16 February 2022

Zachary Rolfe murder trial: Kumanjayi Walker's uncle learnt of shooting after funeral

| Albert McKnight
Constable Zachary Rolfe

Constable Zachary Rolfe, pictured on 10 November 2019, the day after the shooting. This picture was tendered in evidence as part of the court case. Photo: Supplied.

Aboriginal and Torres Strait Islander readers are advised this article contains a video featuring a person who has died.

Kumanjayi Walker’s uncle has recalled how he had been standing at the graveside after a family member’s funeral when a young boy ran to tell him his nephew had just been shot.

Constable Zachary Rolfe, 30, is currently facing a jury trial in the Northern Territory Supreme Court where is he accused of murdering 19-year-old Mr Walker while he was being arrested in the small desert community of Yuendumu, outside Alice Springs, on 9 November 2019.

At the trial’s openings last week, jurors were told Mr Rolfe allegedly fired two shots into Mr Walker when he was “effectively restrained” on the ground.

However, his own legal team argued he was justified in opening fire because Mr Walker had just stabbed him in the shoulder with scissors and he was defending his partner, Constable Adam Eberl.

Court started late on Tuesday (15 February) and when it did so Justice John Burns said a juror had been discharged that morning and a reserve juror, of which there were two, would take their place.

He did not explain why the juror had been discharged one week into the trial; however, he said the trial would still proceed.

The first witness for the day was Mr Walker’s uncle, Senior Aboriginal Community Police Officer Derek Williams, who said when his nephew was a “quiet, shy young fella” who “never talks much”.

Mr Walker had returned to Yuendumu, breaching a court order resulting in a warrant being issued for his arrest. He returned to go to the funeral of his grandfather, who was Mr Williams’ uncle.

The funeral was held at the community’s basketball courts, Mr Williams said, and he did see his nephew there, although didn’t speak to him.

“Everybody goes to funerals … just to pay their respect,” Mr Walker said.

He wasn’t on duty that day due to the funeral and learnt about the shooting later in the evening.

“We was at the graveside and a young fellow came rushing down and told us that Kumanjayi was shot,” he said.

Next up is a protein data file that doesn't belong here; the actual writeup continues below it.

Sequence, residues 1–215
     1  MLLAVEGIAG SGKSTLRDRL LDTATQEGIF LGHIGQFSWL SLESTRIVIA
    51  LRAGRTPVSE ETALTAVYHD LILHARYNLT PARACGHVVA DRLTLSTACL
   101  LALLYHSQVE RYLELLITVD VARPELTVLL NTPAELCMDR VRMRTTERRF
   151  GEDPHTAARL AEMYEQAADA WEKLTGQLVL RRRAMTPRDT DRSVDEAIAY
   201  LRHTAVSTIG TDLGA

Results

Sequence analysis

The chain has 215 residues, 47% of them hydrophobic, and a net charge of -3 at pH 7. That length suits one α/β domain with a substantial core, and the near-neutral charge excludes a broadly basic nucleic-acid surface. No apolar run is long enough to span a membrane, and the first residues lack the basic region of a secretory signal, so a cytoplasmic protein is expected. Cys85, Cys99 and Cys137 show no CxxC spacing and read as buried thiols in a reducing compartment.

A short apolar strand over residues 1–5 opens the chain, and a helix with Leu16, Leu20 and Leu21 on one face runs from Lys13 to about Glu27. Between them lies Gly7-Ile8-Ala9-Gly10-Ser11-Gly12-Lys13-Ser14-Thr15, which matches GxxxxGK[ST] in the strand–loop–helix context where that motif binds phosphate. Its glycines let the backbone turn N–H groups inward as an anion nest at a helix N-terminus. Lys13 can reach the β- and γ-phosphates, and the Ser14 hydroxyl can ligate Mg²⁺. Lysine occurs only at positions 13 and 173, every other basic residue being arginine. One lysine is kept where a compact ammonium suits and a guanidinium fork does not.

Mr Williams went to Yuendumu Police Station where he saw his deceased nephew.

A crowd had assembled outside the station as a result of the shooting and Mr Williams sought to calm them down.

“People was yelling and screaming and wanted to throw rocks at the station, and yeah, I just calmed everybody down,” he said.

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Mr Williams works as a liaison between police and the community. He said he had arrested his nephew four times and he never tried to run.

“[He was] happy when I said I was going to arrest him. He said, ‘I’ll jump on with you, because you’re my family’,” Mr Williams said of one occasion, saying Mr Walker then got into the front seat of his car and they drove to the police station.

The warrant had been issued for Mr Walker’s arrest as he breached a court order.

When two officers tried to arrest him on 6 November 2019, in what has been described as the “axe incident”, he armed himself with a hatchet, allegedly attacked them and escaped.

Mr Williams said he had seen the footage of this incident and remarked it was “unlike” his nephew.

“When I dealt with him he was a quiet young fella and never veered away from being arrested,” he said.

“He also called me uncle so there was no issues with him”.

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He said he and the officer in charge of the police station at Yuendumu, Sergeant Julie Frost, had gone to meet with community elders after the “axe incident” and it was his understanding from that conversation that his nephew should hand himself in the day after the funeral.

Mr Rolfe has pleaded not guilty to a charge of murder, as well as alternative charges of manslaughter and committing a violent act causing death.

His barrister, David Edwardson QC, has previously said “on each and every occasion” Mr Rolfe shot Mr Walker, he was acting in good faith, in the reasonable performance of his duties and in self-defence.

The trial continues before Justice Burns.

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